Nebraska Scientist Looks To End Electronic Waste

Jinsong Huang (left) and his student, Yehau Deng, work to create organic transistors in Huang's lab on the University of Nebraska-Lincoln campus. (Photo by Ryan Robertson, NET News)
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February 17, 2015 - 6:45am

The Environmental Protection Agency says electronic waste is the fastest-growing component of the waste stream. Electronics often contain hazardous materials which could pose health risks if they leach into groundwater.  But one Nebraska researcher says the day may come when throwing your phone or TV away won’t impact the environment at all.


This infographic by WasteCap Nebraska explains the e-waste problem.

Nebraskans produce a lot of waste. In 2010, we sent more than two million tons of material to landfills. While most of that is food waste, electronics accounted for around 7,500 tons.

Carrie Hakenkamp is the executive director of WasteCap Nebraska, a non-profit which helps businesses and communities implement more eco-friendly practices.

Carrie Hakenkamp, the executive director of WasteCap Nebraska, says electronic waste is a growing problem in Nebraska, where there are no laws preventing consumers from tossing old electronics directly into the garbage. However, Hakenkamp says businesses in Nebraska are prohibited from throwing away old electronic devices. (Photo by Ryan Robertson, NET News)

Cathode ray tube (CRT) monitors like these can contain between four and eight pounds of lead, which is an extremely hazardous material. Hakenkamp says Nebraskans have an estimated 30,000 tons of e-waste like this in storage. (Photo by Ryan Robertson, NET News)

Hakenkamp says throwing away old electronics when they could be recycled is not only costly and wasteful, but potentially dangerous.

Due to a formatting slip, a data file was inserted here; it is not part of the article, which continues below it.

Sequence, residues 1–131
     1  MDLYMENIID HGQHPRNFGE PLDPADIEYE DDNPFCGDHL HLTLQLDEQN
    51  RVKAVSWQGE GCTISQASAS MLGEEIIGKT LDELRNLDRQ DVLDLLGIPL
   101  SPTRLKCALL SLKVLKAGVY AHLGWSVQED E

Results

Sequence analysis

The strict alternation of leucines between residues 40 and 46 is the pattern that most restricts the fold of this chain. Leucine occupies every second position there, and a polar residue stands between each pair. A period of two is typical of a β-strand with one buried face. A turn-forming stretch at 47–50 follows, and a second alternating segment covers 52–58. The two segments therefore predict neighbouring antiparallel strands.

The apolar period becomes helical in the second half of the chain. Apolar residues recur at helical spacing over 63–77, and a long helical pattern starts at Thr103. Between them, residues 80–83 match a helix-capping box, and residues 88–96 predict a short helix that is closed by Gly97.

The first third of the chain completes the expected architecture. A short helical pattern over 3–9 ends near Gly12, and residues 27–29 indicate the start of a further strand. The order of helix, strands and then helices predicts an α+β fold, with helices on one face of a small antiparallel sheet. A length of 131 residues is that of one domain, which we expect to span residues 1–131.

Take for instance a cathode ray tube (CRT) monitor. CRT monitors are those large, bulky computer and TV screens that were so popular before flat-screen designs became the norm.

Just one CRT monitor contains between four and eight pounds of lead, which is highly toxic.

“We don’t know when landfills will leak, but we know that nothing is full-proof, and that eventually those liners may leak,” Hakenkamp said, “and the more that we can keep out of our landfills to keep it out of our food supply, out of our drinking water supply the safer we are."

Many states now require residents to recycle their old electronic devices instead of throwing them away, but there is no law in Nebraska that says you can’t toss your old TV in with the weekly garbage.

And many recyclers in Nebraska charge a fee to handle certain electronics, but not all.

Goodwill Industries in Lincoln has accepted electronic donations free of charge since 2011. The items are sent to the specialty electronics store, where the facility’s store-room is filled with large boxes on wooden pallets.

“You have your computer accessories, the laptops, keyboards, speakers, mouses, and then you have all the innards of your computer, so your hard drives and all the different hardware that goes with them—we like to separate them out,” said Amanda Hamilton, Lincoln Goodwill’s communications director.

Hamilton said Lincoln Goodwill is in a recycling partnership with Dell Computers, which has very strict guidelines on how items are to be handled. So whatever can’t be refurbished and resold, is recycled.